"It was my first Major League hit with the Devil Rays and also a walk-off hit," Guzman said. "So it was an unbelievable feeling. I was jumping. I didn't know what to do."
Gomes led off the 12th with a double against Cleveland left-hander Rafael Perez that drew chalk on the left-field line.
"I said 'tennis rules lines are in'", Gomes teased.
Guzman then stepped to the plate.
The 6-foot-6, 230-pound infielder already had experienced an interesting day. Not only did he get called to the Major Leagues, he entered the game at shortstop, the position he played for four years in the Dodgers' farm system before getting moved to third and first prior to the 2006 season.
Perez had Guzman down 1-2 in the count when Guzman hit a slider through the middle. Gomes could not tell if the ball would get through initially, so he headed back to second before starting toward third.
"A three-step and a knuckle drag to get me going back the other way," said Gomes, describing how he eventually got himself going in the right direction.
Cleveland center fielder Grady Sizemore was slow to get to the ball, which prompted Rays third-base coach Tom Foley to wave Gomes home despite his late start.
"Totally surprised," said Gomes about getting sent home. "He kept waving me.
It came on me quick. Tell you the truth, coming around third I thought I was going to have to make my boy Alstott proud."
Gomes referred to his friend, Tampa Bay Buccaneers fullback Mike Alstott.
"I was about to go retro Alstott on the catcher just to make up the ground," Gomes said. "Luckily no one got hurt and I scored."
James Shields started for the Rays and got off to a rough beginning when he walked Kenny Lofton to start the game and allowed him to score on a Victor Martinez single, giving the Indians a 1-0 lead. Jhonny Peralta's sacrifice fly in the fourth pushed the lead to 2-0.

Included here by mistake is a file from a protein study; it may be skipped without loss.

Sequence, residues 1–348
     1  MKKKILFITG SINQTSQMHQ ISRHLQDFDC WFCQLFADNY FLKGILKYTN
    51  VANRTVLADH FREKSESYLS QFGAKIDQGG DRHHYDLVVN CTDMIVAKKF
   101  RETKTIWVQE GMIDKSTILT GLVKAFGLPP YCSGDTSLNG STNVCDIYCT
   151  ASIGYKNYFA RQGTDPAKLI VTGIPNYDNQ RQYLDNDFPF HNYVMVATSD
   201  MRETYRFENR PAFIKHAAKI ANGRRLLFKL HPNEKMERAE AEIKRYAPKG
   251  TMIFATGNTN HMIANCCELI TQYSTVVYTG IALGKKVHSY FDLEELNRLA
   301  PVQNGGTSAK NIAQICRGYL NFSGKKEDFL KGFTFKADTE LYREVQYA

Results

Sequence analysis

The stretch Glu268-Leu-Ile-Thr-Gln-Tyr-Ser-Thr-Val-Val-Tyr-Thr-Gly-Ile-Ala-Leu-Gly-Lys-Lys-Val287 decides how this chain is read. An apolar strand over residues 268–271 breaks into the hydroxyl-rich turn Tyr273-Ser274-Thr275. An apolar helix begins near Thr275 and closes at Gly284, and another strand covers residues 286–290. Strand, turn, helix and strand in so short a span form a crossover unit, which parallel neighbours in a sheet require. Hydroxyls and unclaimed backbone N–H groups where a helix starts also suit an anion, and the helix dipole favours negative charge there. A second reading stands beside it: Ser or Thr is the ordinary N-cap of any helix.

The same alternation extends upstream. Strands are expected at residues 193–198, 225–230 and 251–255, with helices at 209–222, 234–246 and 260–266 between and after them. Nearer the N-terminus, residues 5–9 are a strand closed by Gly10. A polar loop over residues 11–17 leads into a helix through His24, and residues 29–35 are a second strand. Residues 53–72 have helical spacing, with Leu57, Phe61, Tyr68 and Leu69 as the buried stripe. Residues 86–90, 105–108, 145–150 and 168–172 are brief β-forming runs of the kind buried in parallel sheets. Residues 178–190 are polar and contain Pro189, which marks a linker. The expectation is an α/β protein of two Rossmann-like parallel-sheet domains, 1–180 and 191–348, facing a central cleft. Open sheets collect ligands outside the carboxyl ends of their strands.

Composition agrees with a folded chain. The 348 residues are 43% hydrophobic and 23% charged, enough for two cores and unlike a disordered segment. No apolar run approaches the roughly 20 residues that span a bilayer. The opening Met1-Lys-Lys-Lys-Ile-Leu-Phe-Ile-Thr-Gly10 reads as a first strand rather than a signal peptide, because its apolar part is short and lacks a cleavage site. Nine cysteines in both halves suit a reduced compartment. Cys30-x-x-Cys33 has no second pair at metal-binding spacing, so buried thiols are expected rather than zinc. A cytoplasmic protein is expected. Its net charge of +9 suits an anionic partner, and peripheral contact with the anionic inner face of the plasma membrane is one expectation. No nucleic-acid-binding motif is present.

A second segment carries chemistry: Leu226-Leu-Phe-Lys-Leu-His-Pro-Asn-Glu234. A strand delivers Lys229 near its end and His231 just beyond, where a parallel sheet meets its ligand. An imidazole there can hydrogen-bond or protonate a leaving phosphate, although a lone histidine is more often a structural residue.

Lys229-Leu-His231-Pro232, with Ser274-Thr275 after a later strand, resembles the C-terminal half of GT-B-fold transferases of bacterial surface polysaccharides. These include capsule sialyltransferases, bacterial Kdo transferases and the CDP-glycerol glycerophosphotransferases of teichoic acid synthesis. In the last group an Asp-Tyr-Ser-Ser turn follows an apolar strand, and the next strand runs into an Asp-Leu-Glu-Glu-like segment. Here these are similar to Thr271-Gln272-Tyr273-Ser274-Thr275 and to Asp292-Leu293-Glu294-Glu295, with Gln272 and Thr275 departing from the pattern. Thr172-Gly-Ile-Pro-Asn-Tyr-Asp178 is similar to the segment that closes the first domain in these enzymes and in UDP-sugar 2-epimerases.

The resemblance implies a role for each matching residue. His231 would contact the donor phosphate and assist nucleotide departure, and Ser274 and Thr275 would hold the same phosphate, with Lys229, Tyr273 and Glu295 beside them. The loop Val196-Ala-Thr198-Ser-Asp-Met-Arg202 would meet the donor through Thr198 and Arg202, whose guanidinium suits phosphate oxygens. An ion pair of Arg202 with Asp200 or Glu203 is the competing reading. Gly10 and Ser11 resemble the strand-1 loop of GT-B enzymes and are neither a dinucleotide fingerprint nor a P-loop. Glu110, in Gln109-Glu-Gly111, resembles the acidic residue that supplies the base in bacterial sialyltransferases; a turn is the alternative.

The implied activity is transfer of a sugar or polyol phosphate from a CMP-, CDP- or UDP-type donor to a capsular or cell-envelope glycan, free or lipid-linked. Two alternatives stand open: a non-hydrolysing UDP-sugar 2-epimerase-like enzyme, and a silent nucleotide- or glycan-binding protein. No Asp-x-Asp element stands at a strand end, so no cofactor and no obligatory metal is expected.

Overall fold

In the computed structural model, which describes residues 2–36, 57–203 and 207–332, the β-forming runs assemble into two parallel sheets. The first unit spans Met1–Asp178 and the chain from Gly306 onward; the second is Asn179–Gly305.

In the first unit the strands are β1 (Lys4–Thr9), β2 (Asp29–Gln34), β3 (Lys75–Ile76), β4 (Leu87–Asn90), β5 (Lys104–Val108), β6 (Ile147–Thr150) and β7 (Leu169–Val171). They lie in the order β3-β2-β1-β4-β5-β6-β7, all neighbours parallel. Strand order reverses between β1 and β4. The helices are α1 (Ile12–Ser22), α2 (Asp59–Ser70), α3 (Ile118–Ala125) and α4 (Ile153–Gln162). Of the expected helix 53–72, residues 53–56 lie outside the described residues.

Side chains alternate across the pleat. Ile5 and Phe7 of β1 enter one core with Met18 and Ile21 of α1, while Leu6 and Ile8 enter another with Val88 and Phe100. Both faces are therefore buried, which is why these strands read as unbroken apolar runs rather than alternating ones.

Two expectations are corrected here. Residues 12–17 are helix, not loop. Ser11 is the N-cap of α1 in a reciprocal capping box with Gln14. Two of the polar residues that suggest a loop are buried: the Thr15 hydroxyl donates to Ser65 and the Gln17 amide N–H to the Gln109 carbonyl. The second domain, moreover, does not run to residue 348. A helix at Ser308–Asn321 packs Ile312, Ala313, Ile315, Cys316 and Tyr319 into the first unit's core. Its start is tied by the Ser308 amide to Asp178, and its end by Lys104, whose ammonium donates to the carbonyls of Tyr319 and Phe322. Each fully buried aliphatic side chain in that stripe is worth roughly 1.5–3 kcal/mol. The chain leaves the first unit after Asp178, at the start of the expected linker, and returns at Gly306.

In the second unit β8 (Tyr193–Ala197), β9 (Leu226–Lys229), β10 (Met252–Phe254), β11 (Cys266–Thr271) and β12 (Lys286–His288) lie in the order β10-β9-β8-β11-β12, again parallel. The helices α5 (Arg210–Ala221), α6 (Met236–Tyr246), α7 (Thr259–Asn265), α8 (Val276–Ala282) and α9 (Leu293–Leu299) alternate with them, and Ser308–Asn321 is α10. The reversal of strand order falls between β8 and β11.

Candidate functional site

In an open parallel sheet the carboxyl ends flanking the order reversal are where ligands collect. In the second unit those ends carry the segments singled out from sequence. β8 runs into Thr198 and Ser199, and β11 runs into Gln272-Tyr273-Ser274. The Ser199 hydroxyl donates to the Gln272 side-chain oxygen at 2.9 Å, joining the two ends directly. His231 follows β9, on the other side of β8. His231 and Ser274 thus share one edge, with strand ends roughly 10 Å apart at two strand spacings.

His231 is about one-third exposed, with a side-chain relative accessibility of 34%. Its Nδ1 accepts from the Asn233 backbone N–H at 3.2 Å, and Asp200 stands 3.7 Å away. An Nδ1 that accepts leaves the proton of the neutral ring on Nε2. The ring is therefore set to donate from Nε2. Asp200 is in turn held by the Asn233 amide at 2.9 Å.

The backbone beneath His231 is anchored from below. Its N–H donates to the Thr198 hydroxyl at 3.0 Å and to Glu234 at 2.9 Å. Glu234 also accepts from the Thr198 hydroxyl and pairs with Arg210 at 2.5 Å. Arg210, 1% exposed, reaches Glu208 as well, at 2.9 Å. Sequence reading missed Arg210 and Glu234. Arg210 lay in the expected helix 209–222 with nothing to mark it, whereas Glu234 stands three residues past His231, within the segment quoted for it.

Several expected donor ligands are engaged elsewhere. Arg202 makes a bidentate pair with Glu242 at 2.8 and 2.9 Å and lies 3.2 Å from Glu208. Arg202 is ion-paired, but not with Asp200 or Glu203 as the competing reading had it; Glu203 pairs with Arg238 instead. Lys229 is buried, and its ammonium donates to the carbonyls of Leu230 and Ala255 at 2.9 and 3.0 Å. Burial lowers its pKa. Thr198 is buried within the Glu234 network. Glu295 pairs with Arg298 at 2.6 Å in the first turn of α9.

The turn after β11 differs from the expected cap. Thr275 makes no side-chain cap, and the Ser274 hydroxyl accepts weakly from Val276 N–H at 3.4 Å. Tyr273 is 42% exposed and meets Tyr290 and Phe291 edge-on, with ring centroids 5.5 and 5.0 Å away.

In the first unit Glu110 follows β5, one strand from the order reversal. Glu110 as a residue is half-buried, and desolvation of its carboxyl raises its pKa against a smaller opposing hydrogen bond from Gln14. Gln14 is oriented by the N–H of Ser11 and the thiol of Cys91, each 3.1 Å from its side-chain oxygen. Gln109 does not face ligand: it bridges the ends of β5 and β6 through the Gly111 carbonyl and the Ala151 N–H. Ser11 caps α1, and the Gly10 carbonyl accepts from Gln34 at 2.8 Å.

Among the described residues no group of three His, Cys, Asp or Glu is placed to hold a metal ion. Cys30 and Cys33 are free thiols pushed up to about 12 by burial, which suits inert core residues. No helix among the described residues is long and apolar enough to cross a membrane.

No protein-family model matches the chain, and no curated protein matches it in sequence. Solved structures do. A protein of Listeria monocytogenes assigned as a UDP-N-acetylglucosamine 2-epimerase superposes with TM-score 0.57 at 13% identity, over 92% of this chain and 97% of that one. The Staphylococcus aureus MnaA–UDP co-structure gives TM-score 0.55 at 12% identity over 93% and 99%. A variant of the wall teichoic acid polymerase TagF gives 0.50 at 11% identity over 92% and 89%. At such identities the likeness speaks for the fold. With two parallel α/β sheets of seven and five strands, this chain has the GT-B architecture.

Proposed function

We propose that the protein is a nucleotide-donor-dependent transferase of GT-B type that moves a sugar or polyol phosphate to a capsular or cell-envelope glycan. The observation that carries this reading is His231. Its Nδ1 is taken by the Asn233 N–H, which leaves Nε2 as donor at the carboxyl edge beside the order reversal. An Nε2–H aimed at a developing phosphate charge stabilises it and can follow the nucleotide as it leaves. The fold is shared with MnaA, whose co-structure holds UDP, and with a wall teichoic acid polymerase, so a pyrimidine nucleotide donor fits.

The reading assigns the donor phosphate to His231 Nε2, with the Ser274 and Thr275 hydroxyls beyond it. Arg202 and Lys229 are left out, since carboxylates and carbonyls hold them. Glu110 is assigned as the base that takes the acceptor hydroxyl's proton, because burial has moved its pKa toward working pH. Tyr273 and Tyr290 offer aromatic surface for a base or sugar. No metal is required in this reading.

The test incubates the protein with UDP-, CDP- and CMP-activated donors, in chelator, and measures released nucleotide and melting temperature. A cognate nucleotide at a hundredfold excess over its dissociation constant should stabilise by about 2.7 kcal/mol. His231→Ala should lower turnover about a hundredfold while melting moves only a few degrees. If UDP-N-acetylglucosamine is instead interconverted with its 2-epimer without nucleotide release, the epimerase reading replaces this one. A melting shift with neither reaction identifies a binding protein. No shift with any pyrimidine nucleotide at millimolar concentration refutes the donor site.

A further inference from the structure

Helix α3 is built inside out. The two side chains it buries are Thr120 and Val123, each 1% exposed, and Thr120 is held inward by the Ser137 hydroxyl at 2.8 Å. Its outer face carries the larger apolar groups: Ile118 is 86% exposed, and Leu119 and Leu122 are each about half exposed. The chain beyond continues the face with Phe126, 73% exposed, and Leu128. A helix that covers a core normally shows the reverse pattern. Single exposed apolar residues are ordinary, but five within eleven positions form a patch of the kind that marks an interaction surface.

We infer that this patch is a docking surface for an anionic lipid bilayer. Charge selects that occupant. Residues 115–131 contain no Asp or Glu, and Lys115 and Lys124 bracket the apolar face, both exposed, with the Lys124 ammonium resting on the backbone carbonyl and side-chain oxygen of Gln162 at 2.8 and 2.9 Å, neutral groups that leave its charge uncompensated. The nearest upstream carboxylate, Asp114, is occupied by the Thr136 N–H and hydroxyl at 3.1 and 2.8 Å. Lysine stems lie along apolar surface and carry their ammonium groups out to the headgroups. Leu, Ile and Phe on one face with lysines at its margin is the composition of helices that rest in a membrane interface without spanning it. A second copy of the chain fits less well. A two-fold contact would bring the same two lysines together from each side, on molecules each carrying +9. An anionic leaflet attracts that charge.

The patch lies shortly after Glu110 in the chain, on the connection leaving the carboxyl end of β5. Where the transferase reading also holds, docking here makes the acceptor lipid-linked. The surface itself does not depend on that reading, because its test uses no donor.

"Today I didn't really feel good," Shields said. "I was out in the bullpen before the game and I didn't really feel good with all my pitches. My arm didn't really feel too great today, as far as fatigue goes. But that's the way it goes sometimes. You have those days where you're not feeling too good and you pitch all right."
Shields lasted six innings, allowing just two runs on six hits for his 16th quality start of the season, but he got a no-decision.
Indians starter C.C. Sabathia looked untouchable, retiring the first 11 batters he faced before B.J. Upton connected for his 17th home run of the season on a full count with two out in the fourth. In addition to cutting the Indians' lead in half, the home run ended an eight-game streak in which the Rays had not hit a home run.
Carlos Pena tied the game at two in the seventh with his team-leading 27th homer of the season, a solo shot off Sabathia that landed on the roof of the Batter's eye in center field.
"Upton hit a good pitch," Sabathia said. "He did a good job. I could have done a few things different. I made a couple of bad pitches and it cost us the game."
Gary Glover and Dan Wheeler pitched a scoreless inning each to lead the Rays into the ninth when Al Reyes took over.
Reyes pitched the ninth and returned to the mound in the 10th when Asdrubal Cabrera greeted the Rays closer with a leadoff single. One out later, pinch-hitter Trot Nixon singled, then Reyes hit Sizemore to load the bases for Martinez, who drove a ball to deep right field to score Cabrera and give the Indians the lead.
The Rays answered in the bottom of the 10th with a two-out rally against Indians closer Joe Borowski.
Dioner Navarro drew a two-out walk before Akinori Iwamura singled to bring up Carl Crawford, who drilled a single up the middle to score pinch-runner Josh Paul with the tying run.
Scott Dohmann pitched two scoreless innings to get the win for the Rays.
"Shields battles, keeps you in every game," Rays manager Joe Maddon said. "Bullpen was fabulous. Dohmann was really the hero there for me. As a whole, it was wonderful for all of us. When you pitch like that, you have a chance to win every game."